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Evaluating and excluding swap errors in analogue report

36.4050, Sunday, 17-May, 2:45 pm - 6:45 pm, Pavilion
Session: Visual Memory: Capacity and resolution

Paul Bays1; 1University College London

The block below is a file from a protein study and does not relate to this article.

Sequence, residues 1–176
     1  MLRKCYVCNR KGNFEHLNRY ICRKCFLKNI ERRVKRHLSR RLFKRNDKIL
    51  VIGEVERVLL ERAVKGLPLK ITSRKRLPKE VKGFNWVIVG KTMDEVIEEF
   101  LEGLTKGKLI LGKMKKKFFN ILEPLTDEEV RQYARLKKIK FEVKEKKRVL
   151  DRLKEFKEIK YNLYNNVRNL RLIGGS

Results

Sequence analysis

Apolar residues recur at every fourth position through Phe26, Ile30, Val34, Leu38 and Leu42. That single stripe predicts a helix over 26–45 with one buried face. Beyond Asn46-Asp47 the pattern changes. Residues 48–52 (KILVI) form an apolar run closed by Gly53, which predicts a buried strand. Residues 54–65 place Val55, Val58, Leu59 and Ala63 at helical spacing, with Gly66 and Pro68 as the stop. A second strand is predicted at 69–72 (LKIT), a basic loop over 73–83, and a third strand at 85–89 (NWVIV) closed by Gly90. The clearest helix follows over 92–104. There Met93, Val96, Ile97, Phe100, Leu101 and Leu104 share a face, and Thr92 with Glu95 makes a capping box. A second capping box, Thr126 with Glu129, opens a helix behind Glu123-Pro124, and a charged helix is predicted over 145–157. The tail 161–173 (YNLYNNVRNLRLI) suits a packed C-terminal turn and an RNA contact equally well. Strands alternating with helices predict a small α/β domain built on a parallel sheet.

When observers retrieve simple visual features from working memory, two kinds of error are typically confounded in their recall. First, responses reflect noise or variability within the feature dimension they were asked to report. Second, responses are corrupted by ``swap errors'', in which a different item from the memory set is reported in place of the one that was probed. Independent evaluation of these error sources is vital for understanding the structure of internal representations and, in particular, how binding information is maintained. However, previous methods for disentangling these errors have been critically dependent on assumptions about the noise distribution, which is a priori unknown. Here I address this question with novel non-parametric methods, which estimate swap frequency and feature variability with the minimum of prior assumptions, and without a fitting procedure. The results indicate that swap errors are considerably more prevalent than previously appreciated (accounting for more than a third of responses at set size 8). These methods also identify which items are swapped in for targets: when the target item is cued by location, the items in closest spatial proximity are most likely to be incorrectly reported, thus implicating noise in the probe feature dimension as a source of swap errors. Finally I show how swap errors can be excluded from the raw histogram of observer responses to uncover the true distribution of error in the reported feature dimension. I will discuss the implications of these results for neural models of working memory storage.

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